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Physician-scientist retreat highlights MD/PhD student achievement at UMass Medical School

Medical Scientist Training Program focused on ‘research, teamwork, humanism’

By Kylee Denesha

UMass Medical School Communications

March 10, 2020
 
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From left, MD/PhD candidates Kevin O’Connor,
Jordan Smith, Grace Masters, Jane Chuprin
and Nicholas Peterson

The 15th annual Physician-Scientist Retreat at UMass Medical School was held March 6, shining a light on students working to complete medical and biomedical sciences doctoral degrees through the Medical Scientist Training Program.

It’s a day dedicated to inspiring prospective students and engaging faculty, alumni and students. The program can take up to 10 years to finish, as MD/PhD students pursue both of their degrees through the Graduate School of Biomedical Sciences and School of Medicine.

“We have a competitive group of students in this program,” said MD/PhD candidate Tomas Rodriguez. “But it’s such a collaborative environment and we really feel as though we fit right in.”

For MD/PhD candidate Jordan Smith, the program has guided her in the right direction. Her research focuses on cancer cells, specifically therapeutic differentiation of hepatoblastoma to functional hepatocyte-like cells.

“Being in this program has allowed me to expand my project in ways I never thought it would,” she said. “I’ve had the opportunity to work closely with other students and labs, and our mentors have really allowed us the freedom to let our research blossom.”

The retreat featured two keynote addresses from accomplished professionals in the medical field. The first was delivered by Justin Baker, MD, PhD, assistant professor of psychiatry at Harvard Medical School, scientific director for the Institute for Technology in Psychiatry at McLean Hospital, and director of functional neuroimaging and bioinformatics, schizophrenia and bipolar disorder research program at McLean Hospital. Dr. Baker touched on how technology and artificial intelligence play a role in psychiatry, and the future of psychiatric research in this digital era.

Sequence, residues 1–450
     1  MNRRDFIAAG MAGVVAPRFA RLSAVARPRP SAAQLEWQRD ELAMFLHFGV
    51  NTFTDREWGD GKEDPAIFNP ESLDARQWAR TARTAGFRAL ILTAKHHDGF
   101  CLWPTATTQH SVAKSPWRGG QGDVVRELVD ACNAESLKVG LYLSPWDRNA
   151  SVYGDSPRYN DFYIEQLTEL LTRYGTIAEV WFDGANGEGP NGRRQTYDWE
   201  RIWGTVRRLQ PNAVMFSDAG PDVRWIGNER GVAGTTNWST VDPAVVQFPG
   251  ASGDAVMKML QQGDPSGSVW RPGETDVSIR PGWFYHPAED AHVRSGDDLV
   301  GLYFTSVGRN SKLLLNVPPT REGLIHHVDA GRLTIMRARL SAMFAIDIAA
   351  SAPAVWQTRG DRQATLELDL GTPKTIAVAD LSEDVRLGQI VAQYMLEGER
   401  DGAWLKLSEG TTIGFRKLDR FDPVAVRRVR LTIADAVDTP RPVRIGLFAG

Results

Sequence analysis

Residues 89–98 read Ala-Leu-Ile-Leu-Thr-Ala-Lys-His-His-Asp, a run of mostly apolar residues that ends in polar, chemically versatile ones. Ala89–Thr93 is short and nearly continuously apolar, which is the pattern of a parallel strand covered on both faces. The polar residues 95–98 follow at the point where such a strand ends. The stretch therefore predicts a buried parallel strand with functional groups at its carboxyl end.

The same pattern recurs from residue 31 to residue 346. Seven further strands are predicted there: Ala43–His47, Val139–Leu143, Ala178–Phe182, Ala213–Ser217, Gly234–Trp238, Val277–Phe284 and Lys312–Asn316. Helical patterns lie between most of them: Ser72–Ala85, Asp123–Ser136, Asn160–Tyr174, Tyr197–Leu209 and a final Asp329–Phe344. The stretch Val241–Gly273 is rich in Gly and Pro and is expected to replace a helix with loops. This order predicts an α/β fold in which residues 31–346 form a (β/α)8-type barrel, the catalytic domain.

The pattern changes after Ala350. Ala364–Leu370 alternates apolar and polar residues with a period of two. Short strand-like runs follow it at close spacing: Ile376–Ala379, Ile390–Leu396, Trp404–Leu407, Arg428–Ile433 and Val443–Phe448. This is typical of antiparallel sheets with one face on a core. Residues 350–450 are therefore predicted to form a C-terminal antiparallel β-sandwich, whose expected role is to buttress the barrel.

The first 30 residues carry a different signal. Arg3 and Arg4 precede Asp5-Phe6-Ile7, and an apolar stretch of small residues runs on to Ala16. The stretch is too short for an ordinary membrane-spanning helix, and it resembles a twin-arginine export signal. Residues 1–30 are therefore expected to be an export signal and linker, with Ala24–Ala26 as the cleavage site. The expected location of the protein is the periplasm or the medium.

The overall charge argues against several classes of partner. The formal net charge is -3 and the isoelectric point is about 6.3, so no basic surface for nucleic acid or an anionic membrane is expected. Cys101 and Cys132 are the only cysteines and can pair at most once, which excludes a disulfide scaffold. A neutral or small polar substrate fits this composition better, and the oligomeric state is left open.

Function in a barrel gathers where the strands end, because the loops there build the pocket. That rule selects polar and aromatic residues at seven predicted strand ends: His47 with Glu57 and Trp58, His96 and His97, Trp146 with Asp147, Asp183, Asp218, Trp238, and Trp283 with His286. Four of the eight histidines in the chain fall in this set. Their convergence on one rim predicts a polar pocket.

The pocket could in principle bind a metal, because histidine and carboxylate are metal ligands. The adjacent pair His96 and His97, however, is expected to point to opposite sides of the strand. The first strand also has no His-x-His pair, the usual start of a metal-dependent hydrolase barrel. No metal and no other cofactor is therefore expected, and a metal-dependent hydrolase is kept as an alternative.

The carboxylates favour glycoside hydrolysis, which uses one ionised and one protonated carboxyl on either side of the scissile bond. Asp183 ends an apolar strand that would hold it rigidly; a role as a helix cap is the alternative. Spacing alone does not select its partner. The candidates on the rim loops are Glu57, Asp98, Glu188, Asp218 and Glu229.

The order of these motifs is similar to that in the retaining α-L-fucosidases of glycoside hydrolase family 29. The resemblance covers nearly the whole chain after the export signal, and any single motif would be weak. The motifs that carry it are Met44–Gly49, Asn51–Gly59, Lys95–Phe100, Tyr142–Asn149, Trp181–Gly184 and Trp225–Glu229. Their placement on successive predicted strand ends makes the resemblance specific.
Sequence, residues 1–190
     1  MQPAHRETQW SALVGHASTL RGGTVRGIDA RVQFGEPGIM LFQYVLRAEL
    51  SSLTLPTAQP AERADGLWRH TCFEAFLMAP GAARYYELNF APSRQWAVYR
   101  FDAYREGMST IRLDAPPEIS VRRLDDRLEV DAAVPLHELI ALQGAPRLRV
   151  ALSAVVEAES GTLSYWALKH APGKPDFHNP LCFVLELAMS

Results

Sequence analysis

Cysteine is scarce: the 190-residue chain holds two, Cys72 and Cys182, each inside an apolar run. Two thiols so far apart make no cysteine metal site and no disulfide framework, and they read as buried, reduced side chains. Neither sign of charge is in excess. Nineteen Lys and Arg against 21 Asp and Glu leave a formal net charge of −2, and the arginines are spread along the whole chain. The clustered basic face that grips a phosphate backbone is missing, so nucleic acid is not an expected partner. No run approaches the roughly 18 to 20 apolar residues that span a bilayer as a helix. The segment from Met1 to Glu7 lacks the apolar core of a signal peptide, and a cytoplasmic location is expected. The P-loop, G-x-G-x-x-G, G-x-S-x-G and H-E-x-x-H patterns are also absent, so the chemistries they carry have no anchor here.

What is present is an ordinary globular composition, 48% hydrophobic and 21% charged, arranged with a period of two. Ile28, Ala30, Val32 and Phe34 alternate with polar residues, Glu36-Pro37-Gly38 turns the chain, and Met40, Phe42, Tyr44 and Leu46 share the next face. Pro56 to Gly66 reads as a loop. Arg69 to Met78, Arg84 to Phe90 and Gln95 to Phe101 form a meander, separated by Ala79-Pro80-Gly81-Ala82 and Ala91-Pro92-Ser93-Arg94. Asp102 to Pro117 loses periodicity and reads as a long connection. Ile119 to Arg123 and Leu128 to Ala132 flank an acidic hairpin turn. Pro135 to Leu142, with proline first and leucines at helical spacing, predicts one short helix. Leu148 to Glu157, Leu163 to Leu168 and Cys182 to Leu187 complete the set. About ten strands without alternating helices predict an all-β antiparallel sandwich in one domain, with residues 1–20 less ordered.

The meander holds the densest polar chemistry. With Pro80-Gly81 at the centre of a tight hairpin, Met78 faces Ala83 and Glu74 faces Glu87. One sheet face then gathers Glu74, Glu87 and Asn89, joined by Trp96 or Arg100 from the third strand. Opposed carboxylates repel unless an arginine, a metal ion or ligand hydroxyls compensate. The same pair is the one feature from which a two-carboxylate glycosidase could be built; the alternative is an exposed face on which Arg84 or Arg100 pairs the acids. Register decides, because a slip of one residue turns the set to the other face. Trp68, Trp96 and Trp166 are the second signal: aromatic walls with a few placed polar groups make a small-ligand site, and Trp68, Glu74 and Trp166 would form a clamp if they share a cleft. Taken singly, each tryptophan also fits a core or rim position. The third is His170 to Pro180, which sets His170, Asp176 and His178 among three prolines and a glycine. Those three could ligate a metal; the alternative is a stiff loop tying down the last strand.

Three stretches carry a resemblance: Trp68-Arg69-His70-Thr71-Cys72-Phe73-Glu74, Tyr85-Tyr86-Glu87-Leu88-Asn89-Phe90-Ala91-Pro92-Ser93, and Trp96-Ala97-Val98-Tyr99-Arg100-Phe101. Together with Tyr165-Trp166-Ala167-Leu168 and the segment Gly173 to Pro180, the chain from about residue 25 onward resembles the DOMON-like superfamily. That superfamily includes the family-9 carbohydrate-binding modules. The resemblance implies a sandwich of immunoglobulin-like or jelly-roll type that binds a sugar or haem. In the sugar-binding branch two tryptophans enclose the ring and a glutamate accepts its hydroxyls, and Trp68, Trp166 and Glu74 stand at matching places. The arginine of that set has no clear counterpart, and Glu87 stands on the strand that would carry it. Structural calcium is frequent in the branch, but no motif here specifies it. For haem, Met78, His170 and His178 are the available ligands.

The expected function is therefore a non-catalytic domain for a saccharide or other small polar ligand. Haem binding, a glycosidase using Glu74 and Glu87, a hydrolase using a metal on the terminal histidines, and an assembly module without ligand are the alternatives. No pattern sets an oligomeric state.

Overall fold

The second address was from Alan D’Andrea, MD, professor of pediatrics at Harvard Medical School, the Alvan T. and Viola D. Fuller American Cancer Society Professor of Radiation Oncology at Harvard Medical School, and director of the Susan F. Smith Center for Women’s Cancers at the Dana-Farber Cancer Institute. Dr. D’Andrea covered basic and translational science, explaining how his research is targeting DNA repair in cancer therapy.

Threaded between the keynote speakers were two rounds of flash talks from UMass Medical School students and faculty. MD/PhD candidates Noah Silverstein, Peter Cruz-Gordillo, Benjamin Helfand, Michael Kiritsy, Rodriguez and Smith discussed the premises of their research in the labs on campus.

Dorothy Schafer, PhD, assistant professor of neurobiology; Erik Sontheimer, PhD, professor of RNA therapeutics; Athma Pai, PhD, assistant professor of RNA therapeutics; and David McManus, MD, professor of medicine discussed the research taking place in their respective labs, with topics ranging from atrial fibrillation screening to editing genomes with CRISPR. The faculty members also highlighted how the contributions of the MD/PhD students have facilitated their findings.

When the retreat wrapped up, the program alumni led career development breakout sessions, and students showcased their research posters.

“We have a very diverse class this year,” said Silvia Corvera, MD, the Endowed Chair in Diabetes Research, professor of molecular medicine and director of the MD/PhD program, adding that the program looked beyond a student’s academic accomplishments, looking at their individuality and unique contributions. “We want to make a class that bonds together and is synergized, beyond just their scientific talent.”

Dr. Corvera added that this program is a driving force for developing tomorrow’s scientists.

“Our mission is to create an environment that propagates what we’ve done over time and will continue to do so for the next 100 years. We want to train the next generation of leaders in biomedical sciences by fostering excellence in research, teamwork and humanism.”